Virtual elevation

Video games offer a virtual escape and means to communicate with friends at a safe social distance. Mind the geese. (Photo courtesy of Untitled Goose Game)

Video games offer an entertaining escape, especially while stoned.
Here are five to consider this 420 holiday.

As staying at home becomes the new normal, more people are experimenting with the virtual escape that video games provide. The experience can also be enhanced with cannabis.

Pairing the two together seems counterintuitive since video games require fast decision-making and even faster reflexes and weed is known to impair both. Still, finding the right video game to elevate the right high is an experience. So SN&R compiled a list of video games to play while stoned because we all need a way to pass the time, just in case we’re on lockdown for the foreseeable future.

In Goat Simulator goats fly around in jetpacks. No, really. (Photo from

There are no expectations for Goat Simulator. Those familiar with the “simulator” moniker may think of Forza in the racing sim genre or The Sims in the life sim genre, games meant to “simulate” their real-life counterparts. But Coffee Stain Studios’ Goat Simulator is nothing like real life. It’s a zany physics-based action game in which you control a goat doing very non-goat things: flying around the world with a jetpack, using your tongue as a grappling hook, causing the kind of mayhem a goat can only hope to accomplish. There are no time limits, no “game over” states and, aside from the optional objectives, there’s nothing driving you to “finish” the game. It’s hilarious enough that Goat Simulator lets you jump and ram however much you want, but throw in the abject and wanton chaos you can create and you’ve got a recipe for boundless laughs when stoned.

Notes: Goat simulator was developed by Coffee Stain Studios and published by Microsoft. It’s available on Android, IOS, Nintendo Switch, PC, PlayStation 3 and 4, Xbox 360—basically, it’s playable everywhere.

Watch out for the bananas! (Photo from

Mario has eaten herbs that give him all kinds of enhancements, from extra lives to increased height, so playing Nintendo’s Mario Kart 8 with some fire flower is an obvious combination. Thanks to its eclectic use of vibrant colors, the game takes on an intoxicatingly kaleidoscopic effect. Sure, the point is to finish the race and theoretically come in first place. But it’s easy to get lost in Mario Kart 8’s gorgeous visuals. It’s the kind of the game that’s already stunning to look at, but that also becomes more captivating as you absorb renditions of classic levels for a new kind of gamer and original tracks that introduce fresh mechanics to keep veterans alert.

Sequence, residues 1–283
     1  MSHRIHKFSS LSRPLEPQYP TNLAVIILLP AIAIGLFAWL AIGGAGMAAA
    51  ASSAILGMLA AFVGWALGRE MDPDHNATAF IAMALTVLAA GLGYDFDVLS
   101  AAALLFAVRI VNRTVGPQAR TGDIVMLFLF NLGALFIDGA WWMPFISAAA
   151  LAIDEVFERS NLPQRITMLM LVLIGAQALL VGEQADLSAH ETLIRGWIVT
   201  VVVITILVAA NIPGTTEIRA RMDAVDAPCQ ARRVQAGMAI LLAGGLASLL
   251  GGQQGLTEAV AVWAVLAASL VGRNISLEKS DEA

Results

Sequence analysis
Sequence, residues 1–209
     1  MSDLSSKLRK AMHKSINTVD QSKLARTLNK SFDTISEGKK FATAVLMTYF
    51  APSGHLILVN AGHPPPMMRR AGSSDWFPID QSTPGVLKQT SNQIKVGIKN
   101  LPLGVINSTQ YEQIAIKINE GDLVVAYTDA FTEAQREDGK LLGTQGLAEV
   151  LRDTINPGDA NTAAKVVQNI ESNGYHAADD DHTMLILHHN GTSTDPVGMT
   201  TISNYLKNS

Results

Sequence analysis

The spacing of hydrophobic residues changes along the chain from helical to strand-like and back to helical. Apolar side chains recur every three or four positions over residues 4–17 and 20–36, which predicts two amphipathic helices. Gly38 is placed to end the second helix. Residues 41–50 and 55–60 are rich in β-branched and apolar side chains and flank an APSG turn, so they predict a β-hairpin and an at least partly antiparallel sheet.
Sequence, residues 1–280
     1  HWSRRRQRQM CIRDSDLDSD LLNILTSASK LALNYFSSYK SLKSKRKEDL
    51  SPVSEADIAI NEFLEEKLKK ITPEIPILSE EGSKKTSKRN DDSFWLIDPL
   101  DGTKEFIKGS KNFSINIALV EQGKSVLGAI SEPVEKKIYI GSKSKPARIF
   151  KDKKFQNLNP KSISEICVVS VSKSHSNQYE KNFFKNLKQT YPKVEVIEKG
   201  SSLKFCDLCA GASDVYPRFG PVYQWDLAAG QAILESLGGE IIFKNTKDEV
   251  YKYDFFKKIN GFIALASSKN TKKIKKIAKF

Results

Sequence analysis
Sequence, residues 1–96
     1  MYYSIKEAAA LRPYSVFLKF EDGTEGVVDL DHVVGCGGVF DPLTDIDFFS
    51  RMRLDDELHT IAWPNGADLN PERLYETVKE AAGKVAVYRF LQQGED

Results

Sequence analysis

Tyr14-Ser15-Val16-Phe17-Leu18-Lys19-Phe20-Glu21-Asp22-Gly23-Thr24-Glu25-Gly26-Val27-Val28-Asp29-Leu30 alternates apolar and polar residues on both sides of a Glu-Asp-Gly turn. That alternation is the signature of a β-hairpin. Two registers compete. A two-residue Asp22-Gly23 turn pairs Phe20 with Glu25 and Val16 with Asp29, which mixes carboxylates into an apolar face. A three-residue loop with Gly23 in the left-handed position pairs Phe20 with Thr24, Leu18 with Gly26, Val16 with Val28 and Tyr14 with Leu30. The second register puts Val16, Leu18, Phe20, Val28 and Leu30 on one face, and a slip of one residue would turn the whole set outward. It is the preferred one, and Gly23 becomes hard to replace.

Notes: Mario Kart 8 was developed and published by Nintendo. It’s available on Nintendo Switch and Wii U, though I don’t know anyone who still loves to use their Wii U.

String together tricks in Skate 3. (Image courtesy of EA Games)

Skateboarding and weed have gone hand-in-hand for decades, so playing EA Black Box’s Skate 3 when stoned makes sense. Because skateboarding can be aggravating and defeating, cannabis helps ease these constricting emotions, giving you the patience to string together tricks so nonchalantly you might be tempted to actually try them. Or you could just push around the game’s fictitious Los Angeles-like city jamming to the incredible soundtrack. A good playlist can set the mood for a great session, and with Skate 3’s soundtrack—composed of artists including Beastie Boys, Dinosaur Jr., Joy Division, Kanye West, Mudhoney, Pixies, The Thermals and so many more—there’s not a single track you can’t smoke a bowl and cruise around to.

Notes: Skate 3 was developed by ea Black Box and published by Electronic Arts (commonly referred to as EA.) It’s available on PlayStation 3 and Xbox 360, but the most accessible way to play it is through Xbox One.

It’s a game for people who don’t like golf. (Photo courtesy of What the Golf?)

A miniature golfing simulator is an odd suggestion to play when stoned, but Triband’s What the Golf? is an odd game that flips the activity on its head. Sometimes you’re playing traditional mini-golf. Other times, the game will put you in control of gravity or a rocket or an entire house or something else so bizarre you won’t help but crack a smile. It’s the kind of feel-good, low-stakes game that, when you add cannabis, becomes both bonkers and surreal. The varied obstacles and the unexpected mechanics make What the Golf? an experience that provides plenty of laughs during any play session, long or short.

Notes: What the Golf? was developed and published by Triband. It’s available on IOS (via the Apple Arcade subscription service and as a single-purchase download) and Nintendo Switch.

Beware of the geese. (Photo courtesy of Untitled Goose Game)

House House’s Untitled Goose Game may be the most well-known on this list, gaining enough attention to spawn a virtual desktop assistant akin to Microsoft’s Clippy. And while that praise is warranted, the cutesy puzzler is certainly is better when stoned. Completing the grocery list of challenges before moving on to the next grocery list is a frustrating commitment. But smoking some good weed while combing through the game’s idyllic setting looking for things to mess with is devilishly charming. You can steal people’s reading glasses, broadcast your shenanigans on television, set up a picnic for yourself and so much more while playing as a goose in what is probably some people’s nightmares. If trapping someone in a phone booth and honking at them isn’t enough of a gut-buster, then I don’t know what is.

Notes: Untitled Goose Game was developed by house house and published by Panic Inc. It’s available on Nintendo Switch, PC, PlayStation 4, and Xbox one.

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